Question: My farrier is very conscientious and appears well trained with recent schooling. I'm puzzled by the fact that he trims the frog and some of the sole of the hoof. I ride my horse a lot, sometimes on gravel, stony roads. Doesn't my horse need all that frog and hoof thickness? He avoids rocky sections of the road whenever possible in favor of the grassy edges.
Answer: There are many schools of thought about horseshoeing and trimming barefoot feet. It can open a can worms to talk to different people about the subject. However, the feet are perhaps the most important part of the body--as the old saying goes, no foot, no horse. I feel it is very important that you as the owner learn as much as possible about feet so you can take responsibility for making decisions about foot care, as you do about other aspects of horse care. You are responsible for selecting your trainer, veterinarian, hay and feed suppliers, saddles and other gear, so foot care fits in well here. If you are uncomfortable or unhappy with any of your present team, you can make a change to someone you feel is better for you and your horse.
As you select your support team members, including farriers, look for people who include you in the decision-making process, keep you informed about their thinking and who behave professionally. If something is not working, always try first to talk to the individual about your concerns and evaluate the answer before just jumping ship and looking for someone else. Many times you can work out the issues.
When it comes to feet, it is most important to understand how the natural foot of the horse behaves in different situations, both with shoes and without. The purpose of the hoof wall is to protect the coffin bone, to provide support for the body and renew itself as it wears down. It needs to be strong, flexible and a correct shape. The shape can vary a bit depending on the conformation, but in reality well-trimmed feet are fairly similar in shape, with a short toe, strong heels, a large frog and strong bars. Having said that, there are horses who have very poor shapes to their feet, or have very different shaped feet no matter how well trimmed they are.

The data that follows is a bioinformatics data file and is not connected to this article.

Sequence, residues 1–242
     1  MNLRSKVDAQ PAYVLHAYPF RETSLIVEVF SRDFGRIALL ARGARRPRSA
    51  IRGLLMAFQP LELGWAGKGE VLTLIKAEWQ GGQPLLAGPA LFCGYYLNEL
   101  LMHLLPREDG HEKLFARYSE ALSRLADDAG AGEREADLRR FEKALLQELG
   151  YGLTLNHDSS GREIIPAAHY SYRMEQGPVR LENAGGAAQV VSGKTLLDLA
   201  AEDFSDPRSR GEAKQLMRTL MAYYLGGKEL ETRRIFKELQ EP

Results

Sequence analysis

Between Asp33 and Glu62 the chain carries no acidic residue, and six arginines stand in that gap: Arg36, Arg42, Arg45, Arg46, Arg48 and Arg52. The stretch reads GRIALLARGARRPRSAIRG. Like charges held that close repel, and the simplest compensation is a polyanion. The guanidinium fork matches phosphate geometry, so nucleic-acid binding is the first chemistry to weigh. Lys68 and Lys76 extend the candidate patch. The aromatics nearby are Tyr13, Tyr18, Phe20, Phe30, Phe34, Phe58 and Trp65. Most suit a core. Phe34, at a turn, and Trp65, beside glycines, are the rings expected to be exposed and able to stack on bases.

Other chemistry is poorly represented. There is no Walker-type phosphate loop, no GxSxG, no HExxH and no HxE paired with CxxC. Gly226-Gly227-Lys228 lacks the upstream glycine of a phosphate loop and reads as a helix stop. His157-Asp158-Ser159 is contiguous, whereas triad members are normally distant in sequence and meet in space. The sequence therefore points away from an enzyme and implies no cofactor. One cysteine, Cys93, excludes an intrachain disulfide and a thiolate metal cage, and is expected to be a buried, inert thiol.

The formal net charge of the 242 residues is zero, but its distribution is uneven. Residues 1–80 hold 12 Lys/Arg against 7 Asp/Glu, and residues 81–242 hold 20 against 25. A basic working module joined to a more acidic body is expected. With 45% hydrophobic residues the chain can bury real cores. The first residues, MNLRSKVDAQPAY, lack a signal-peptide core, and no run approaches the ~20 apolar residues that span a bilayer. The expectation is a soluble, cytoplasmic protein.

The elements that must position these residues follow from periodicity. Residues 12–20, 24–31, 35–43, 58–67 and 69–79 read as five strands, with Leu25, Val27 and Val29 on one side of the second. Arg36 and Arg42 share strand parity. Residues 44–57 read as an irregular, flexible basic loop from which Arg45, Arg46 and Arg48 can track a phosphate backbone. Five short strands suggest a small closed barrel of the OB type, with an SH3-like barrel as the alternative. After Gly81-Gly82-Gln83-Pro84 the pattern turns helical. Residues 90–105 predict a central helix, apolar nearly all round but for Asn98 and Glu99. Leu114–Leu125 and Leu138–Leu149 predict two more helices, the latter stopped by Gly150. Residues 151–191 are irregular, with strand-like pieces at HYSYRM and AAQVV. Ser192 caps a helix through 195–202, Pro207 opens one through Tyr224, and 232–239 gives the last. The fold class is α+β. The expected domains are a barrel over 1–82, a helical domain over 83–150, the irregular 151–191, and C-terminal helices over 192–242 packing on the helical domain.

In most cases it is not necessary and not desirable to trim away frog and live sole, but it is commonly done. The foot needs the full shape of the frog to help with expansion, contraction and blood flow. The sole is there for protection from the ground. The only trimming needed on the sole is to remove flaky, dead sole. Any live sole that does not flake away easily should be left for the horse. If you ride regularly or the horse is in rough pasture, there likely will be very little sole to take off, ever. If the horse stands in a stall most of the time and is ridden on soft ground, there may be more sole to remove. Some horses, even with thick soles, do not like the hard, sharp, gravely part of the road, but your horse may be telling you his soles are trimmed too thin.
Even more important is the sole callus, the thicker band of sole that goes across the toe area (see photo 1 of a grey horse's sole, the band of whiter-looking foot just inside the wall). This provides support to the inside of the foot (the laminae that connect the hoof wall to the coffin bone). Many farriers cut that off as a routine, however, it should never be cut off, only made level with the shoe if the horse is to be shod, and not touched if the horse stays barefoot. If it is cut thin at shoeing, frequently the horse will be sore for a few days after each shoeing--this is not normal and does indicate too much is being trimmed.
The toes should be short so the horse can roll over his toes easily. A common fault in shoeing is to leave the toes too long, whether the horse is barefoot or shod. Photos 2 and 3 show a horse with typically long toes before then after a correct trim.